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Murray Perahia

American pianist and conductor

Personal Life

Born in the Bronx, New York to a Jewish family on the 19th of April, 1947, Murray David Perahia’s immense skill at the piano earned him a reputation as one of the greatest pianists in history, and that is no exaggeration. 

The young Perahia began learning the piano when he was only four. He didn’t like it as much, however, because he considered his teacher “very limiting”. Apparently, the teacher made the young boy play a single piece over and over again until he perfected it. Eventually, Perahia’s musical interests would expand when he turned 15, wherein he started practicing and mastering his instrument seriously.

Two years later, Perahia attended the Mannes School of Music (formerly Mannes College) in Manhattan. While there, he studied keyboard, composition, and conducting under the watchful eye of Mieczysław Horszowski, who he considered a mentor. Perhaia’s massive skill and talent would win him the top prize in the  Young Concert Artists International Auditions in 1965, which helped build his reputation early. But perhaps his greatest achievement was in 1972, when he became the first North American to top all contestants at the prestigious Leeds Piano Competition in England. 


A year after winning Leeds, Perahia would give his first concert at the Aldeburgh Festival, working closely with legendary composers Benjamin Britten and Peter Pears. He also  accompanied the latter in a lot of lieder recitals throughout his career. And due to his dedication to his craft, Perahia would eventually serve as co-artistic director of the Festival, a position he held from 1981 to 1989.

Perahia’s discography is as wide-spanning as his skill. Among the most notable was a special boxed set edition by Sony Classical featuring all his recordings, entitled The First 40 Years. He also recorded Brahms Händel Variations, which helped him win a Gramophone Award in 2011. Perahia also recorded Chopin, Beethoven’s Piano Sonatas, opp 14, 26, and 28, and Bach’s Partitas Nos. 1, 5, and 6. As a result of his prolific records, he is a two-time Grammy Award winner and a multiple Grammy-nominated artist.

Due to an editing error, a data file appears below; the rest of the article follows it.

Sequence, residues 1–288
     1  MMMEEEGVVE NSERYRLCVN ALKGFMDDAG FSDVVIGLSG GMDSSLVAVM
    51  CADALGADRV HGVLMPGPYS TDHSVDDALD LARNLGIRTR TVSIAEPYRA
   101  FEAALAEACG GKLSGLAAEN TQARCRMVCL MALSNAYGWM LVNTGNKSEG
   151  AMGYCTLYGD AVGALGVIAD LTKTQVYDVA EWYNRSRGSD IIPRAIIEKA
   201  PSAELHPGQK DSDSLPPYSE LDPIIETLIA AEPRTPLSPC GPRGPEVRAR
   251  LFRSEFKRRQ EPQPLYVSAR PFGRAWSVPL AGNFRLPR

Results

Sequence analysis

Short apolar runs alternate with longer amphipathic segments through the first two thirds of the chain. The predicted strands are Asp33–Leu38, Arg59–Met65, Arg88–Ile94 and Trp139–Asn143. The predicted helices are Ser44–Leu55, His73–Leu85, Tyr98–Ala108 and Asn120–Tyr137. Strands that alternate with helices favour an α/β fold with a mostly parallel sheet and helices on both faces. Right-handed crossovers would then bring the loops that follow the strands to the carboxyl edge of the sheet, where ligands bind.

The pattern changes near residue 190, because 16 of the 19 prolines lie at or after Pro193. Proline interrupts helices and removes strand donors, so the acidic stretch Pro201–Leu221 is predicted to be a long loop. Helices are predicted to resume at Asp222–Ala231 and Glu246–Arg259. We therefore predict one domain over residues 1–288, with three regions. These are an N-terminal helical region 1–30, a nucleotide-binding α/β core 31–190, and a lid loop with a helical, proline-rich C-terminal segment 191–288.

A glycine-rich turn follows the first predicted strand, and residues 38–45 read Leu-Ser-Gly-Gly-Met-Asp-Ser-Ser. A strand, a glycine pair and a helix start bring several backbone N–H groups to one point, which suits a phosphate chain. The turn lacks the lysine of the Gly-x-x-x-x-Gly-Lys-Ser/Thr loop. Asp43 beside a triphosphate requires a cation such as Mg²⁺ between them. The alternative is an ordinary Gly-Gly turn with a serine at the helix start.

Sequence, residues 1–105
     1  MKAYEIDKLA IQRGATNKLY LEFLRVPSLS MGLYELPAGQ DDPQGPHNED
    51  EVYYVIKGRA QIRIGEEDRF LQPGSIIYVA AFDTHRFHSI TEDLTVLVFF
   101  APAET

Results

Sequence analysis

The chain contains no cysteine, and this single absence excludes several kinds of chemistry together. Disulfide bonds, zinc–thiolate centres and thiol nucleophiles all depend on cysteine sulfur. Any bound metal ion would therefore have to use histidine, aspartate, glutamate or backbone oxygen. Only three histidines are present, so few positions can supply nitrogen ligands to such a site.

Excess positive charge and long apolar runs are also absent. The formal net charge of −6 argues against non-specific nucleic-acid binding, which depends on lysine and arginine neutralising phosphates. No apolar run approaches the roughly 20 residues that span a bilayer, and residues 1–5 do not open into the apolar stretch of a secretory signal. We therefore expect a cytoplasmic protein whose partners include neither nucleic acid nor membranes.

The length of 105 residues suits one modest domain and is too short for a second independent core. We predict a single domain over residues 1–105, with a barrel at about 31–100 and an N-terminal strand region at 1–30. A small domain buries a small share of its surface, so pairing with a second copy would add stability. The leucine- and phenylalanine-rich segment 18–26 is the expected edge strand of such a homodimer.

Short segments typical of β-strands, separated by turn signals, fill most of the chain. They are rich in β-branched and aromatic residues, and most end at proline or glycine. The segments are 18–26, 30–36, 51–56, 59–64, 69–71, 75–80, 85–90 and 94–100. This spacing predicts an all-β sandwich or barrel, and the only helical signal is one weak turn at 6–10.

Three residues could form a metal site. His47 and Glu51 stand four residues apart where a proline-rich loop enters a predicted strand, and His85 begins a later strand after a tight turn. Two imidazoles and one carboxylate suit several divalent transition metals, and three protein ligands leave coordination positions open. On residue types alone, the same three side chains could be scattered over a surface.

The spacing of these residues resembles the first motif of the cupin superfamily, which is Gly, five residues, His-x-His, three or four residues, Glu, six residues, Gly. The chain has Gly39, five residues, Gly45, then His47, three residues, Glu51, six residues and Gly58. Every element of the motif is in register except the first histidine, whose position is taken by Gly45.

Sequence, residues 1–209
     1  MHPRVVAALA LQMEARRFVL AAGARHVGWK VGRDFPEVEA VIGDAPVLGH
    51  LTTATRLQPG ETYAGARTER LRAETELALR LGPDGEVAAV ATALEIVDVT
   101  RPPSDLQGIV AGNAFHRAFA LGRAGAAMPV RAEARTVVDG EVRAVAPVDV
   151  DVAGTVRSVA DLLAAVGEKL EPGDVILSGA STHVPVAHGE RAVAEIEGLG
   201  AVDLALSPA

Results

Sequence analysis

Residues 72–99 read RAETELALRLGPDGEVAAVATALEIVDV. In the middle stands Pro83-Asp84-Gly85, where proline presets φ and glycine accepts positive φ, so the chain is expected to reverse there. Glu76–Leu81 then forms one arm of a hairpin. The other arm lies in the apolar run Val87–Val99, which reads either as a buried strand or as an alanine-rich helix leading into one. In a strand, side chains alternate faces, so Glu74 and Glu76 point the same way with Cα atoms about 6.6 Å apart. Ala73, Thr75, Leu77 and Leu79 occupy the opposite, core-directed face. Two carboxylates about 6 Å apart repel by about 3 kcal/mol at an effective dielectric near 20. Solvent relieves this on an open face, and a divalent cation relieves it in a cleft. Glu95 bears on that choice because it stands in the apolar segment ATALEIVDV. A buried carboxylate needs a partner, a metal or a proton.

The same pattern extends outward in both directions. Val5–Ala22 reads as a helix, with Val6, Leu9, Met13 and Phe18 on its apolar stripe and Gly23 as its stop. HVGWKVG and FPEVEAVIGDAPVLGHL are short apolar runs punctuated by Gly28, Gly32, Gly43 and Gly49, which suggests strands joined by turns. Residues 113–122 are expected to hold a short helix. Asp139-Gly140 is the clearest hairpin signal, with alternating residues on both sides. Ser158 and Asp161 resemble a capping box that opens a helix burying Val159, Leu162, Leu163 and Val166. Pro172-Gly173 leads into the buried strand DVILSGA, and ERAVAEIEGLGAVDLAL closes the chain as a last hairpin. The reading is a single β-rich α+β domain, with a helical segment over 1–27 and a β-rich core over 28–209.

Due to his reputation as one of the world’s leading pianists, Perahia was invited to teach at the International Piano Academy Theo Lieven (formerly the International Piano Foundation Lake Como) to a select number of students. As a teacher, he has also given masterclasses at prestigious institutions like the Juilliard School, Peabody Institute, and Stanford University. Even today, he still conducts frequent masterclasses whenever he can. 

For his work, Perahia earned several honorary distinctions. For instance, he is a fellow of both the Royal College of Music and the Royal Academy of Music. He also holds honorary doctorates from Duke University and Leeds University, among others. And lastly in 2004, he was dubbed as an honorary Knight of the British Empire, because of his outstanding contributions to music. 


Did You Know?

For a pianist, Perahia suffered two injuries that would’ve been a nightmare to most in his profession. In 1990, he injured his thumb, which eventually became septic. While antibiotics helped stabilize his condition, however, they affected his health in other ways. Two years later, a bone abnormality would cause an inflammation and force him away from the keys for several years.


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